December 15

Why Every Business Needs a Blog

Have you ever tried to convince someone who has never read a blog, who is against the ‘privacy invasion’ of Facebook and hates the very existence of Twitter that Social Media is one of the most valuable marketing initiatives they could ever engage in? We have! (And frankly, we’re surprised we’re still having this debate).

While we don’t believe social media to be the ‘be all, end all’ of your marketing strategy, we do firmly believe that it’s got to play a part in helping you discover how to get rid of cat urine smell. But at the risk of sounding like social media ‘dictators’ (because the opposite end of the spectrum isn’t productive, either), here are six good arguments for those who don’t appreciate the role that social media plays in an integrated marketing program.

Keeping Up with the Times

Do you think when the telephone was invented and became main stream that people wouldn’t use it because they were afraid that someone might say something negative to them? NO! And the same applies to social media today. We can think of no companies who would relish the thought of getting left behind. According to an Inc. 500 study, familiarity with and usage of social media within the business world has nearly doubled in the past 12 months alone.

This means that your organization is likely primed for a conversation about using social media in your business. And, in fact, they may be looking for someone to lead the charge in an effective way. The best strategy is to fit Web 2.0 tactics into your current marketing objectives and program. Piecemeal marketing campaigns (and this includes social media) do not work.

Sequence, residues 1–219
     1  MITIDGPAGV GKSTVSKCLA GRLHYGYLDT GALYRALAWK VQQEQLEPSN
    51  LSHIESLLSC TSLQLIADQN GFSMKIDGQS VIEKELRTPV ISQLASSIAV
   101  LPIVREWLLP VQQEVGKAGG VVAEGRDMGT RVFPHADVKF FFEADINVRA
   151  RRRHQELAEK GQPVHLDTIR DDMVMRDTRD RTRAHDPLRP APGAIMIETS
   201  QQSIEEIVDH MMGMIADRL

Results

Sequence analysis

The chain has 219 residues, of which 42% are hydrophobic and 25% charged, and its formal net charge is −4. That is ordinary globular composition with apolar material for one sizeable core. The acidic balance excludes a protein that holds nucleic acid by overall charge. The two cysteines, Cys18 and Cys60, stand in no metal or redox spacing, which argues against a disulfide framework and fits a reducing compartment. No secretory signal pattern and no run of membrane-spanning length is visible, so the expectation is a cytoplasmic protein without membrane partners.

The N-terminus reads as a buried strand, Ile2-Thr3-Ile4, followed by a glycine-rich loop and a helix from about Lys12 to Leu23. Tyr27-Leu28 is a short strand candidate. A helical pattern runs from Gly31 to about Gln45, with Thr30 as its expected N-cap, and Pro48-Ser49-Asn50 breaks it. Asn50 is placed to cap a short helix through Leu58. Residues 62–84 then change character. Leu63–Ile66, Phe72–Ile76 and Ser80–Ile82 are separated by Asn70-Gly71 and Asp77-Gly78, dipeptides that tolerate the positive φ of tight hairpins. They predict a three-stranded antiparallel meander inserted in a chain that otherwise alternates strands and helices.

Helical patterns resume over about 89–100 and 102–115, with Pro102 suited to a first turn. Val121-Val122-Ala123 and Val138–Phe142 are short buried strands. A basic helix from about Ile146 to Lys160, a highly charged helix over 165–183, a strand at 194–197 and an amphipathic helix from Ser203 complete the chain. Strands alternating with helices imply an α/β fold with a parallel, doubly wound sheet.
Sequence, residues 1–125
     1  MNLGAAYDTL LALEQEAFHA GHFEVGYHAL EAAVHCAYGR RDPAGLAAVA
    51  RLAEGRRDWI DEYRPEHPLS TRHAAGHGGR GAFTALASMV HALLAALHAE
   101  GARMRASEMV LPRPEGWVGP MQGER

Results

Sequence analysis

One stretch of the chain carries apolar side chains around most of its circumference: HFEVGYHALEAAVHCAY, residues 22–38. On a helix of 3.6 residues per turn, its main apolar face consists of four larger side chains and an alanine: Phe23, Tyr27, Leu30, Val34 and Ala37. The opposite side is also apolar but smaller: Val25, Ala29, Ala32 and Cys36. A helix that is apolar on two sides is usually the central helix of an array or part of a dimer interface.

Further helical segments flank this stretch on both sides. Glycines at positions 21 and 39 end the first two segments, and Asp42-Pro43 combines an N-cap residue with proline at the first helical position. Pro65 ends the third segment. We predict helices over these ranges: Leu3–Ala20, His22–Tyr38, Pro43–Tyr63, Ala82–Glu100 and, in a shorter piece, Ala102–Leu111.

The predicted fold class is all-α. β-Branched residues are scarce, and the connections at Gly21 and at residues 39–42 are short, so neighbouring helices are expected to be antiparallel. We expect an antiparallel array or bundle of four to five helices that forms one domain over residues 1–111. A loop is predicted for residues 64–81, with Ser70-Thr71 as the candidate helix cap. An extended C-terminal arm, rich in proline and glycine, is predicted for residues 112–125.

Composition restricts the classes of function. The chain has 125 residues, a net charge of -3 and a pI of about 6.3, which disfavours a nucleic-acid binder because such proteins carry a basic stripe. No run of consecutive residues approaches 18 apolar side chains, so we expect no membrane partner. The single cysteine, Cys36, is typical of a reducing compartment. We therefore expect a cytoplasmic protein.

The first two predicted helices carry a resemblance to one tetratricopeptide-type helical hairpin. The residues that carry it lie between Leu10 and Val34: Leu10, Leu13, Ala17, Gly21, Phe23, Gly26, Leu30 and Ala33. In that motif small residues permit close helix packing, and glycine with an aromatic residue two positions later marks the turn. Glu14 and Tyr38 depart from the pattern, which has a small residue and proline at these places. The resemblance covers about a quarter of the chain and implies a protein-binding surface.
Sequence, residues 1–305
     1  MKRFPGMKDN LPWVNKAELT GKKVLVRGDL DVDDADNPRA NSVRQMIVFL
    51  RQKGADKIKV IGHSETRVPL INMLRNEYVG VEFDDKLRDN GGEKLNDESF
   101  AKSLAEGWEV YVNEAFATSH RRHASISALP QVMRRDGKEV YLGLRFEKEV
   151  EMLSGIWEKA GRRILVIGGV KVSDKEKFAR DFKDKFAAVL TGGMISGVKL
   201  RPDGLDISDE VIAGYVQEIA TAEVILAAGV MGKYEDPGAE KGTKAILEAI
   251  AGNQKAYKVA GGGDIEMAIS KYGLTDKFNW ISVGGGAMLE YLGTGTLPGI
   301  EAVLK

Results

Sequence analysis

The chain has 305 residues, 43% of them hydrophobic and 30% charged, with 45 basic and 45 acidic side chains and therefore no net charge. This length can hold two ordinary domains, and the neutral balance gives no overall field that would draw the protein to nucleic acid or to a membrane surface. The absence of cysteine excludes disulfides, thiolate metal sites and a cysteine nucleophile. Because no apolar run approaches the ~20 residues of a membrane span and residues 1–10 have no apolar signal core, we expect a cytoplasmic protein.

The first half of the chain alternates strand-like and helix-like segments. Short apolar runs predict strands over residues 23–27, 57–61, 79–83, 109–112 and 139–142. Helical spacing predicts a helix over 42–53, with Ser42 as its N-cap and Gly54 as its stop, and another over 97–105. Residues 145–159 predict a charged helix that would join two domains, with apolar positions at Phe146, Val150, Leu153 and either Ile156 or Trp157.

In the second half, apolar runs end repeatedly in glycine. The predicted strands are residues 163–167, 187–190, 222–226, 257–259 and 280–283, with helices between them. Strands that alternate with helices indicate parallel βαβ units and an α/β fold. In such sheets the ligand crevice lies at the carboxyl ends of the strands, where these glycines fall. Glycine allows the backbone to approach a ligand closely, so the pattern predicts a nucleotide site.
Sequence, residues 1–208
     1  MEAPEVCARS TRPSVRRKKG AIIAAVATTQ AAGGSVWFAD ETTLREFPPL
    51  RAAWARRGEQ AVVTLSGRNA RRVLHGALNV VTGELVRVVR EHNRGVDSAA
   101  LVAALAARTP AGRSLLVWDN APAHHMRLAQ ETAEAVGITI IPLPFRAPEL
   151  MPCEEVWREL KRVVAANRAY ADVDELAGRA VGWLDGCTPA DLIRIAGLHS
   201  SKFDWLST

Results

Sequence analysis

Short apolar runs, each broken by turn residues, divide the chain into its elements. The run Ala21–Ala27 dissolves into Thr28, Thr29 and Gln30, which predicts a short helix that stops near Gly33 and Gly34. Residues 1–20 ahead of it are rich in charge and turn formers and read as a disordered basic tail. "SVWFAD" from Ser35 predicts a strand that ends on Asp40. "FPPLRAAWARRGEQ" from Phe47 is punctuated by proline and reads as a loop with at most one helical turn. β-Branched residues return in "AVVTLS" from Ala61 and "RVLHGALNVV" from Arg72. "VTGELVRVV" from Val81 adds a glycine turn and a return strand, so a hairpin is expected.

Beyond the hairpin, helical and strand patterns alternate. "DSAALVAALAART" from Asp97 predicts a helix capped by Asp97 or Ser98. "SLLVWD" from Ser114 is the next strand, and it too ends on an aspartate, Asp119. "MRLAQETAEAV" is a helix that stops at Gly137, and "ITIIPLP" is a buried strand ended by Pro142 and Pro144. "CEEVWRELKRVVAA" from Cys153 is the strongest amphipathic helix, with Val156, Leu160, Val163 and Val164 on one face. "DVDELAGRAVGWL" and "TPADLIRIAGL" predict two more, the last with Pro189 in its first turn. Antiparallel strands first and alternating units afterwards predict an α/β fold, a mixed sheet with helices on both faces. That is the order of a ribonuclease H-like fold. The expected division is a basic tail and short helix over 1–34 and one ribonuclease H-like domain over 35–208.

Customer/Market Research

Social media offers unlimited market research, branding and listening opportunities. What better way to obtain feedback from your markets than by engaging in this dialogue via your social media channels? It opens up the conversation between your current customers and prospects interested in your products or service. Managed correctly, you can obtain a wealth of research using social media.

Responding

Social media gives marketers the chance to give quick feedback and break down unnecessary walls. Smart businesses are using social media to personalize, and even ‘humanize’ their brands; others use it to quickly solve customers’ problems and creative more interactive experiences. And these comprise only one social media tool. Response ideas are endless considering the vast array of tools at your disposal.

And speaking of response, the best way to get that is…

Actually Talking to Customers